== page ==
Charlie Bidwill’s First Love (Chicago Bluebirds)

It was truly a united front with the involvement of all of the gridiron greats of the era focusing on a single, specific objective. Cardinals’ owner Charles Bidwill was a major influence, as was the legendary Red Grange, along with star players such as NFL MVP Pat Harder, Marshall Goldberg, Elmer Angsman, and Chet Bulger.

All familiar and well-recognized names in the National Football League, and all locking arms to prod, push, and encourage support for a sport that was not even remotely connected to pro football. Although Mr. Bidwill was involved with a variety of sporting activities during his lifetime, this particular sport was perhaps his first love on the athletic horizon.

Aside from his ownership of the Chicago Cardinals, Bidwill had also been an officer with the Chicago Bears, served as the President of the Chicago Stadium Operating Company, owned dog tracks in Florida, and was the secretary of the Chicago Business Men’s Racing Association, which operated the Hawthorne race track. In addition, Bidwill was involved with the National Jockey Club which managed the Sportsman’s Park racing facility, which was adjacent to Hawthorne.


Games Played At Bidwell Stadium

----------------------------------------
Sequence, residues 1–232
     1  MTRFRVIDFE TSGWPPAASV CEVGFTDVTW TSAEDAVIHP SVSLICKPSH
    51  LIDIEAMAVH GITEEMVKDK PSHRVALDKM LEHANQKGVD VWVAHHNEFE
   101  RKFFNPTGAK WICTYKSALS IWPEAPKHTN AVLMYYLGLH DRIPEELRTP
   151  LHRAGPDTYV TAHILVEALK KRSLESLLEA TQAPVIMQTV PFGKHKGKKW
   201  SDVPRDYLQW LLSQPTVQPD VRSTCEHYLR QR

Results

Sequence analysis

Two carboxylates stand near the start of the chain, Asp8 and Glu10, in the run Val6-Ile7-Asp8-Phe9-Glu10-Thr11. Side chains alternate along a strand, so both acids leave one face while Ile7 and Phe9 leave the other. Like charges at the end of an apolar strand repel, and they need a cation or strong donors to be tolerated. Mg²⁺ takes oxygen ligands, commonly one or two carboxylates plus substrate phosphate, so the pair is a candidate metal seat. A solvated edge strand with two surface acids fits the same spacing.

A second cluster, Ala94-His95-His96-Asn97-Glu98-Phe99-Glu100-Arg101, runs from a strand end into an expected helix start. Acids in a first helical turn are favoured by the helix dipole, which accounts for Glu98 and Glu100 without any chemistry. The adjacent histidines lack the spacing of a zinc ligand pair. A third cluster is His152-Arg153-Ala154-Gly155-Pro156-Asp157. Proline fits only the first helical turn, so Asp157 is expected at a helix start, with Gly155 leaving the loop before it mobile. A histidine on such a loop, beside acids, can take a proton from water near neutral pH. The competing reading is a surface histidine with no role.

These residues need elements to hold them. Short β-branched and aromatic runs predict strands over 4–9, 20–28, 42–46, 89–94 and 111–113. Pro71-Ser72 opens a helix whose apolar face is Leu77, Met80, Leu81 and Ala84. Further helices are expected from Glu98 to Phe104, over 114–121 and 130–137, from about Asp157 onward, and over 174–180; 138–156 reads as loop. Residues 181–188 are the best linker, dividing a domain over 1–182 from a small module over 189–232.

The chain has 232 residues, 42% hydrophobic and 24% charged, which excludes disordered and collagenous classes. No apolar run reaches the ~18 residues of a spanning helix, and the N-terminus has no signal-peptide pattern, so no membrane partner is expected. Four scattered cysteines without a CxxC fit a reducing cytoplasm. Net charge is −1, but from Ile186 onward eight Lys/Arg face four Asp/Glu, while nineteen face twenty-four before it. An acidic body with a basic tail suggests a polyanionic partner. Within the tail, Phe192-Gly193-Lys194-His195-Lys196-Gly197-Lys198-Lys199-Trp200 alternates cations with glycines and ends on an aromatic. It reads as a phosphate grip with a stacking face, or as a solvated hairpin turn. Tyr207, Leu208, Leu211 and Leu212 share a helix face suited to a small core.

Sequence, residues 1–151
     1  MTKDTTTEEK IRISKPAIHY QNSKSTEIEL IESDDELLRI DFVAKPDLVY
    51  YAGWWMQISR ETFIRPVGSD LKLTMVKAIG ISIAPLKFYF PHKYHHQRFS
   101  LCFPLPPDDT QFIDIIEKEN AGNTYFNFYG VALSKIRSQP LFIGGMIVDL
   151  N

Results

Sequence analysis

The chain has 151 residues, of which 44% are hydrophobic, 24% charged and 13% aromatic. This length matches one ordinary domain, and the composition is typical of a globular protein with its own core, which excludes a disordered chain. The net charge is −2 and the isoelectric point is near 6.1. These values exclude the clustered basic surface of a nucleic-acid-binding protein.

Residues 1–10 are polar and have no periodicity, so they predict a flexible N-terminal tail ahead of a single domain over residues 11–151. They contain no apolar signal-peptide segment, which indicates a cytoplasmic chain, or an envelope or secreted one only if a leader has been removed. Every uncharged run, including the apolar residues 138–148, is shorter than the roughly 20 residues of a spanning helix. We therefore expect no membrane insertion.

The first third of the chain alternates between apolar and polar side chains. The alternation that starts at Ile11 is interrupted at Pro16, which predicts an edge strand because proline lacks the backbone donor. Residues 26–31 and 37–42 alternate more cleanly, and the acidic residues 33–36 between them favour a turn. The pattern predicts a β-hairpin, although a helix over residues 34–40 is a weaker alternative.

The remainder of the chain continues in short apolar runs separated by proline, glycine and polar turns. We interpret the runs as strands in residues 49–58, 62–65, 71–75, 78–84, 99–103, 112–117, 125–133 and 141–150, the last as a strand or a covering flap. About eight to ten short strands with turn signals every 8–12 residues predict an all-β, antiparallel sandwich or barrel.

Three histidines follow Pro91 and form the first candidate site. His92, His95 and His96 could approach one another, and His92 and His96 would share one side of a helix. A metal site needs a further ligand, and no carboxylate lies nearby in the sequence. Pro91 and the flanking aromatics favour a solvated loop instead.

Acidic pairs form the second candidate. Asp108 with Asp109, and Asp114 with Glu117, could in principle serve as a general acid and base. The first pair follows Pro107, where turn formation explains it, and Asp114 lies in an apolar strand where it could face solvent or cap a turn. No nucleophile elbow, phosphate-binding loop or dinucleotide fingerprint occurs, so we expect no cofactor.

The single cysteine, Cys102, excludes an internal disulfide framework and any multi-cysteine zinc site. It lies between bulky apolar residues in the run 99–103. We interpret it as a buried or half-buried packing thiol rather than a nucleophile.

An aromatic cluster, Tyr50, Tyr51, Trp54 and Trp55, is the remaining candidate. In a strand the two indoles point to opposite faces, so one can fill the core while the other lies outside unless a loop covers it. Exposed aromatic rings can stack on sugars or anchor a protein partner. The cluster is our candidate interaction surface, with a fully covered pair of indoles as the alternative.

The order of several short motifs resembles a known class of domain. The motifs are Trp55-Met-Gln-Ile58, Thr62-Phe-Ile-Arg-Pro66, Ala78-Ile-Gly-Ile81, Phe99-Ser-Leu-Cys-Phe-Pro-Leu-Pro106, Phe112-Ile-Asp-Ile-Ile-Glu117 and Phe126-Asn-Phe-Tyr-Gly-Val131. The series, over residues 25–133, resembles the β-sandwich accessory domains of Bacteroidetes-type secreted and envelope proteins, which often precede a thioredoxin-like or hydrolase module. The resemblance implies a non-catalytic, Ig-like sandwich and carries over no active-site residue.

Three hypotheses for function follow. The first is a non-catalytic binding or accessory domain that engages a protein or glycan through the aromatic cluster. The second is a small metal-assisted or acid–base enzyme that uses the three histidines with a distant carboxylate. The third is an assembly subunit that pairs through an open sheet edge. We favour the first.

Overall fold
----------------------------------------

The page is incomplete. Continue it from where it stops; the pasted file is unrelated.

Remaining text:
Yet with all of these interests, including his ownership of a printing company and his initial occupation as a lawyer, Bidwill’s likely first sporting love in terms of his personal involvement was his excursion into women’s softball.

Bidwill was the founder of the Chicago Bluebirds professional softball team and was also the co-founder of the National Girls Baseball League (NGBL) which began in 1944 with all teams based in Chicago. Many of the games were played at Charley’s own Bidwill Stadium, located at 1975 East 75th Street on the south side of Chicago.

You may recall the movie “A League of Our Own” which was based on the All-American Girls Professional Baseball League (AAGPBL) that began in 1943, a year before the National Girls Baseball League. Both circuits offered fans the opportunity to view professional athletic competition during the challenging war years.

The founder of the All-American League was Philip K. Wrigley, owner of the Chicago Cubs, and his support of women’s softball was explained in 1973 by David Condon of the Chicago Tribune: “It was during World War II and the Cubs, with so many away at the battlefront, were not a much better team than they’ve been recently.